L'Hér., Stirp. Novae 4:84, tt. 41, 42 (1788).
Derivation: Greek plektron, a cock's spur; anthos, a flower; alluding to the basal spur of the corolla in some species.
Synonymy: Not Applicable
Common name: Plectranthus.
Perennial shrubs with quadrangular branches becoming tough and slightly woody towards the base, with simple hairs, gland-tipped hairs and sometimes with larger subsessile glands; leaves petiolate, opposite, crenate to lobed.
Inflorescence a thyrse usually on a distinct peduncle, with sessile cymose part-inflorescences each usually with a few pedicellate flowers, with elongated internodes between flowering nodes, with bracts scale-like; sepals more or less equally connate, zygomorphic, with single hairs and subsessile glands on the outside; corolla 2-lipped, with a posterior lip short and broad, with the anterior lip oblong-elliptic; with 2 short lateral lobes and a 2-lobed central one; stamens 4 fertile, inserted in the throat of the corolla tube; anthers with 2 cells fertile, not diverging, more or less enclosed in the anterior lip; ovary deeply 4-lobed, with each locule with 1 basal ovule, with a gynobasic style and a terminal 2-fid stigma.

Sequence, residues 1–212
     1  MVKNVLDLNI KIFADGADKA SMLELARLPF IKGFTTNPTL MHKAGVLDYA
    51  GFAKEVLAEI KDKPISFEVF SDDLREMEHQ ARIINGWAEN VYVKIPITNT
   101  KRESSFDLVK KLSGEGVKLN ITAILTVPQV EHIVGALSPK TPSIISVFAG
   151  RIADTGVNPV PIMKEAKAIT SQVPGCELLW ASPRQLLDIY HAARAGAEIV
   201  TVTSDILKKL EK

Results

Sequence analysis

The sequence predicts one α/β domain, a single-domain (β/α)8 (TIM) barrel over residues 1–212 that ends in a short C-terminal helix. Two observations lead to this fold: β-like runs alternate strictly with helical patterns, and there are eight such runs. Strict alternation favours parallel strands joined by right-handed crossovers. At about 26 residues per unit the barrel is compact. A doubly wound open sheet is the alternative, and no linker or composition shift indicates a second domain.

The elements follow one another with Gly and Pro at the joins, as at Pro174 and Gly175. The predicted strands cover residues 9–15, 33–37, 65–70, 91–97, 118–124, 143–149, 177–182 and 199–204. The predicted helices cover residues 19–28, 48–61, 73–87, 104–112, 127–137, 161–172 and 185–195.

Fruit usually with 4 mericarps each about orbicular in surface view, centripetally compressed and without keels, with the attachment scar short and narrow, basal.
About 250 species from Africa through southern Asia to Japan, through Malesia and the Pacific to Australia. Blake (1971) Contr. QM Herb. 9:1-120 recognised 17 species in Australia.
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